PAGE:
The old rule 34 required the medical member to conduct a pre-hearing examination of all patients detained under the Mental Health Act 1983 who had applied for a Mental Health Tribunal. This examination previously took place on the day of or a couple of days before the tribunal. The medical member who makes up part of the judicial panel would then feed back their opinions arising from this assessment to the other judges. At the tribunal the medical member would then ask questions of the patient’s responsible clinician based on his assessment of the patient.
The new rule 34 will require the medical member to conduct a pre-hearing examination of the patient on all Section 2 cases unless the patient does not want such an examination, but the medical member will not conduct such an examination in any other case unless:
- The tribunal is informed in writing by or on behalf of the patient, not less than 14 days before the hearing, that a pre hearing examination is wanted; or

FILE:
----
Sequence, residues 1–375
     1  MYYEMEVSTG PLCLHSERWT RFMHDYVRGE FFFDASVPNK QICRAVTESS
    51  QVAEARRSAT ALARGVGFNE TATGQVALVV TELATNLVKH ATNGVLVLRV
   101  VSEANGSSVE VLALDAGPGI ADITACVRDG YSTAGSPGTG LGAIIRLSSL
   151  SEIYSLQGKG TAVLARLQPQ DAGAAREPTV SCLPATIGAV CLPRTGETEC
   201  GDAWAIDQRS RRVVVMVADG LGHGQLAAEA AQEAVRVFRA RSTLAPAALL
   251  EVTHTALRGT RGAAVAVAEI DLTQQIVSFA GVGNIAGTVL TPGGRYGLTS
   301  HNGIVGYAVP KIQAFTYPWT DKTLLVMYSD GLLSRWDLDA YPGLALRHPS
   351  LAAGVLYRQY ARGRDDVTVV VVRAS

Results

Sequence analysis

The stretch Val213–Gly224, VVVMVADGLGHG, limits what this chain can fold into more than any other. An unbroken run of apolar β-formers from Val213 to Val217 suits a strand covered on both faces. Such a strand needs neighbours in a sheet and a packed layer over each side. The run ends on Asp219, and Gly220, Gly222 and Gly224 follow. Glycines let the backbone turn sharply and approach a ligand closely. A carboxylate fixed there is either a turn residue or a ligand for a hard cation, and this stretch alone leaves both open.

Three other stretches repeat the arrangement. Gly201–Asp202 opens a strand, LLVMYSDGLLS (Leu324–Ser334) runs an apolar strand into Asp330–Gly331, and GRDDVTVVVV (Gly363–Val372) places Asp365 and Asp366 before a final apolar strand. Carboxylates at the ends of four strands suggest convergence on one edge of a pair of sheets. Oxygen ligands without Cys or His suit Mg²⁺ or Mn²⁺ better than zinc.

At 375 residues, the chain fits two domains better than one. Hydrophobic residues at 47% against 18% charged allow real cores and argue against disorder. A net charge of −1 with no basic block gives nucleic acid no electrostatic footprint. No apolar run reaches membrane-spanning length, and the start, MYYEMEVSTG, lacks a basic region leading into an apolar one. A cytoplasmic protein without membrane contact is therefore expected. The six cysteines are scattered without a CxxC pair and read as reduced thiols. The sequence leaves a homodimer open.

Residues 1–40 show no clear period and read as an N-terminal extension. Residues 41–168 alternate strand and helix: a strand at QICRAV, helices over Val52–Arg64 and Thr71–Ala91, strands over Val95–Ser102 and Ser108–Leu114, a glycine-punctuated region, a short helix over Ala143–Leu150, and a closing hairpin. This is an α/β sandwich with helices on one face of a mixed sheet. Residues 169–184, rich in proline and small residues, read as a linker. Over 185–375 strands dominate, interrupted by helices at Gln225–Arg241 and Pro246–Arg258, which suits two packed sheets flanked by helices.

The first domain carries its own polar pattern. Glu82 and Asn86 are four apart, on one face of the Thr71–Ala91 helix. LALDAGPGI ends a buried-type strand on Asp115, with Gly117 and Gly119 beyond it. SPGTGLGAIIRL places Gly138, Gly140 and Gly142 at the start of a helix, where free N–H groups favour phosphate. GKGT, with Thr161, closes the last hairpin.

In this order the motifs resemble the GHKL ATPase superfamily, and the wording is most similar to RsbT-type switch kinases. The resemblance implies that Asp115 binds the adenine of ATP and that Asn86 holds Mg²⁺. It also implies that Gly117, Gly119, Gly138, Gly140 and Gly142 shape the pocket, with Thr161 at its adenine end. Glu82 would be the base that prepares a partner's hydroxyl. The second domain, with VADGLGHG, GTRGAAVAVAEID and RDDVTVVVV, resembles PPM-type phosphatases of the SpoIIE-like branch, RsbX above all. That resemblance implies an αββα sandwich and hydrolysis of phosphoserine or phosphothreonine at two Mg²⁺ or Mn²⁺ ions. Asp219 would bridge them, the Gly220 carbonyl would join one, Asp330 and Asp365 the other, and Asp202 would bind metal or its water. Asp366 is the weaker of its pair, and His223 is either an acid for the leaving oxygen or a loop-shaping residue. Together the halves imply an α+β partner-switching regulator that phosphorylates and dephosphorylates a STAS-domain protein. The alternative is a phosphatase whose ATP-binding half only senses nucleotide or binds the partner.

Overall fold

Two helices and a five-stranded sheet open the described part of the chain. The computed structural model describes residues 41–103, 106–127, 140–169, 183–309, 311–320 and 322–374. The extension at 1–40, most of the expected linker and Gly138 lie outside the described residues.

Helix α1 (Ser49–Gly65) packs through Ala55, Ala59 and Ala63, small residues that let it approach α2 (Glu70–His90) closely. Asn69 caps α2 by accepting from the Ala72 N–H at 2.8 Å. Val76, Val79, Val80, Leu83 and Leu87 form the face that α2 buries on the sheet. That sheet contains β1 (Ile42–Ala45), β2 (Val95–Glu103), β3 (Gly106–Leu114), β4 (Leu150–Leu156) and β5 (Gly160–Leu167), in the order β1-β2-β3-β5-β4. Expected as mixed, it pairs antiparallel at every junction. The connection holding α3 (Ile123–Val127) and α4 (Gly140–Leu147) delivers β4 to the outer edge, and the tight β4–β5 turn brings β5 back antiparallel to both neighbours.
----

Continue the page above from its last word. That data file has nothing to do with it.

- The tribunal has directed that there must be such an examination. This will either be a direction by a salaried judge or registrar in advance of the hearing, or a direction made by the panel because the patient has failed to attend the hearing.
As patients now have a choice as to whether they wish to be assessed by the medical member, mental health solicitors and panel members must be live to the need to give appropriate and timely advice to their clients so that the tribunal is informed in time. We have found that applications made for an examination which are out of time are being considered by the tribunal if a full and reasonable explanation is given as why the application is late.
This amendment also raises the question is it beneficial to be assessed by the medical member? This arguably will depend on the individual patient and their mental disorder and require the solicitor/ panel member to take time to consider.
The Mental Health Lawyers Association surveyed their members regarding the amendments to rule 34. The data collected indicated that 62% of the law firms who took part have a default position which is to advise clients to have an examination. Only 5% of law firms surveyed stated their default position was not to have the examination.